For example, you might ask:

After some initial research, you can formulate a tentative answer to this question. At this stage it can be simple, and it should guide the research process and writing process .

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Now you need to consider why this is your answer and how you will convince your reader to agree with you. As you read more about your topic and begin writing, your answer should get more detailed.

In your essay about the internet and education, the thesis states your position and sketches out the key arguments you’ll use to support it.

The negatives of internet use are outweighed by its many benefits for education because it facilitates easier access to information.

In your essay about braille, the thesis statement summarizes the key historical development that you’ll explain.

The invention of braille in the 19th century transformed the lives of blind people, allowing them to participate more actively in public life.

A strong thesis statement should tell the reader:

  • Why you hold this position
  • What they’ll learn from your essay
  • The key points of your argument or narrative

The final thesis statement doesn’t just state your position, but summarizes your overall argument or the entire topic you’re going to explain. To strengthen a weak thesis statement, it can help to consider the broader context of your topic.

These examples are more specific and show that you’ll explore your topic in depth.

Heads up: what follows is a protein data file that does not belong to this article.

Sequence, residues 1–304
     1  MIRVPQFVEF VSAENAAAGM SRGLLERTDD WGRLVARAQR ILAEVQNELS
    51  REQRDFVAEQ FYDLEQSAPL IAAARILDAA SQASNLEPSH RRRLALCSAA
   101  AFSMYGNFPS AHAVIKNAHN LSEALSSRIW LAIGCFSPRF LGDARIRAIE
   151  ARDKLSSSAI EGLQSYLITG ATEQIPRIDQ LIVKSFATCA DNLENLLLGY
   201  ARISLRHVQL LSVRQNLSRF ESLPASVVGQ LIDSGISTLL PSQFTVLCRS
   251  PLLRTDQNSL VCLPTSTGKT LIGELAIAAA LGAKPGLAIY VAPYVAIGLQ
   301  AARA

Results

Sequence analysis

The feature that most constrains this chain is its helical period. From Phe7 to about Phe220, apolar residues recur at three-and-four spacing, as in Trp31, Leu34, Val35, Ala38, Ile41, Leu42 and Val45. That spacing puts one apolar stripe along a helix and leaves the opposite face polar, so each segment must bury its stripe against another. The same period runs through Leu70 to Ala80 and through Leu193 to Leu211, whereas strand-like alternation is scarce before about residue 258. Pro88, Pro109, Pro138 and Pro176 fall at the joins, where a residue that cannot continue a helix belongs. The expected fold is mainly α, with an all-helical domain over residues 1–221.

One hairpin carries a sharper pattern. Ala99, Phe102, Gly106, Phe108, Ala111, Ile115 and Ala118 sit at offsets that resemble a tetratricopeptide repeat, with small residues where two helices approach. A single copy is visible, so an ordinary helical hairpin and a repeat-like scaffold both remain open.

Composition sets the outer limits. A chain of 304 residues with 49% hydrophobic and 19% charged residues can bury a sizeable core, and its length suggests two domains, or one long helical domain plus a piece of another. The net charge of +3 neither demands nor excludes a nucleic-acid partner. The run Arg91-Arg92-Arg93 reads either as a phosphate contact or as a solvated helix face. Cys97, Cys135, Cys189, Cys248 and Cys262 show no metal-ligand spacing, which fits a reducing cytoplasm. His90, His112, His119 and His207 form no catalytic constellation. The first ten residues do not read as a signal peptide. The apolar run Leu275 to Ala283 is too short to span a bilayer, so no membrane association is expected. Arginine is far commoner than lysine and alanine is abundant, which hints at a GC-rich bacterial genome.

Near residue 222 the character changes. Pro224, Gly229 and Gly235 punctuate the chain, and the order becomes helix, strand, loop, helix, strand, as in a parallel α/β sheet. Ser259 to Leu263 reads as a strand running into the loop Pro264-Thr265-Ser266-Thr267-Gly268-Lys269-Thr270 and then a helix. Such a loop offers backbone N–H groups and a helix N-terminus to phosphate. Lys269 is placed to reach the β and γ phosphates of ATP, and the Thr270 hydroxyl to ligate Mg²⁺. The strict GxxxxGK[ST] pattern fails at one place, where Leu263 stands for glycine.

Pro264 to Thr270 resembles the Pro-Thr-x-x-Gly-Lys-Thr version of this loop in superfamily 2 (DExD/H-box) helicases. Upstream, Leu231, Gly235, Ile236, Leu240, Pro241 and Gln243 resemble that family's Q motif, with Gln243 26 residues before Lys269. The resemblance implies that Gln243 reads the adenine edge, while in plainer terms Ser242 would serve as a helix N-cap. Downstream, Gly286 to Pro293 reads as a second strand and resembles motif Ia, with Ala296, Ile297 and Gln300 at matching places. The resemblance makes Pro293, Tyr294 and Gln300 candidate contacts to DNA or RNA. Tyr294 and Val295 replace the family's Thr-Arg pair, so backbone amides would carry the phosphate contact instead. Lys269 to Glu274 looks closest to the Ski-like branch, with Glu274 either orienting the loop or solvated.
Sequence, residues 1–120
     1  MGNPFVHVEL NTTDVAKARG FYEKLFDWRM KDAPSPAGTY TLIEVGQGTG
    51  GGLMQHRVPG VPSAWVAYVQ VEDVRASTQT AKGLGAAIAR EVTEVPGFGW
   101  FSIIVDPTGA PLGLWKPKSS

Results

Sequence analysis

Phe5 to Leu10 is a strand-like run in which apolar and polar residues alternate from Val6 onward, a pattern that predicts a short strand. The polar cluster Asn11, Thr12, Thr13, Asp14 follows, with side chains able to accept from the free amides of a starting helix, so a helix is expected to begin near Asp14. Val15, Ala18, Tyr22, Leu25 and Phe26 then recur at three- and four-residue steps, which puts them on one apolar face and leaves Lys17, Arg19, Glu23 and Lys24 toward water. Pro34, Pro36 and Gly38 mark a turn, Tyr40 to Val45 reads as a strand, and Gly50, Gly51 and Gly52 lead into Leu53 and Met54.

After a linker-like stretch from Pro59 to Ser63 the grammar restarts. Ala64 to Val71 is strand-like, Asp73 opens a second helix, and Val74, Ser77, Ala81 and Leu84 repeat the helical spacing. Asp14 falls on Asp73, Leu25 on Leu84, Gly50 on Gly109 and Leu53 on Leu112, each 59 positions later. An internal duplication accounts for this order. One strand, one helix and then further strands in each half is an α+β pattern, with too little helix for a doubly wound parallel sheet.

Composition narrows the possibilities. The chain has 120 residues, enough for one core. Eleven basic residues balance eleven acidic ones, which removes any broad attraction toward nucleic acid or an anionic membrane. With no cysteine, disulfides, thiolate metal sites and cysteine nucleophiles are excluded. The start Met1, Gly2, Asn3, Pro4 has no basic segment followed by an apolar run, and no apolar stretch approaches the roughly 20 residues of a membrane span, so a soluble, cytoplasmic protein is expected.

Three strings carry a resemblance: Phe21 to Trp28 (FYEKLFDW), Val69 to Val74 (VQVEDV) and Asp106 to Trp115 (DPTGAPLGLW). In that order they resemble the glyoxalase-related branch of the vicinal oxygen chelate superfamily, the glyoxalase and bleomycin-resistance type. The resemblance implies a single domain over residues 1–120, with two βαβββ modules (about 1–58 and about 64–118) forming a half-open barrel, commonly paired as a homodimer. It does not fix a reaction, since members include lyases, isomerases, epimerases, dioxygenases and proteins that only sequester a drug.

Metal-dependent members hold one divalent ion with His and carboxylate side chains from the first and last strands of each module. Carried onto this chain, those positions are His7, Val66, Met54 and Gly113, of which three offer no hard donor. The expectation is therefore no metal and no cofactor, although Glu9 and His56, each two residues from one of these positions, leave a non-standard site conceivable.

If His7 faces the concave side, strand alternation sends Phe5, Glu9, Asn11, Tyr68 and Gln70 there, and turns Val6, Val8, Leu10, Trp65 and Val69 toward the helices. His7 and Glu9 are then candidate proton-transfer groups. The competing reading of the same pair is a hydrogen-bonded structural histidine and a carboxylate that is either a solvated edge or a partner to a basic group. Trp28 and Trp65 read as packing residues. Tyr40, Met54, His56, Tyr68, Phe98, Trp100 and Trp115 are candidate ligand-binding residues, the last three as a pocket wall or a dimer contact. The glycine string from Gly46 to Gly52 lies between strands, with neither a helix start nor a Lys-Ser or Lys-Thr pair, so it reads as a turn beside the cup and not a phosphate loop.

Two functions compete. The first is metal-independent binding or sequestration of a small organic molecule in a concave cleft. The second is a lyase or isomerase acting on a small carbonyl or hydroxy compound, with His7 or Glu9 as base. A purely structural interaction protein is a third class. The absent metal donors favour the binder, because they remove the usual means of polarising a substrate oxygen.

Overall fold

Your thesis statement should match the goals of your essay, which vary depending on the type of essay you’re writing:

  • In an argumentative essay , your thesis statement should take a strong position. Your aim in the essay is to convince your reader of this thesis based on evidence and logical reasoning.
  • In an expository essay , you’ll aim to explain the facts of a topic or process. Your thesis statement doesn’t have to include a strong opinion in this case, but it should clearly state the central point you want to make, and mention the key elements you’ll explain.

If you want to know more about AI tools , college essays , or fallacies make sure to check out some of our other articles with explanations and examples or go directly to our tools!

  • Ad hominem fallacy
  • Post hoc fallacy
  • Appeal to authority fallacy
  • False cause fallacy
  • Sunk cost fallacy

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A thesis statement is a sentence that sums up the central point of your paper or essay . Everything else you write should relate to this key idea.

The thesis statement is essential in any academic essay or research paper for two main reasons:

  • It gives your writing direction and focus.
  • It gives the reader a concise summary of your main point.

Without a clear thesis statement, an essay can end up rambling and unfocused, leaving your reader unsure of exactly what you want to say.

Follow these four steps to come up with a thesis statement :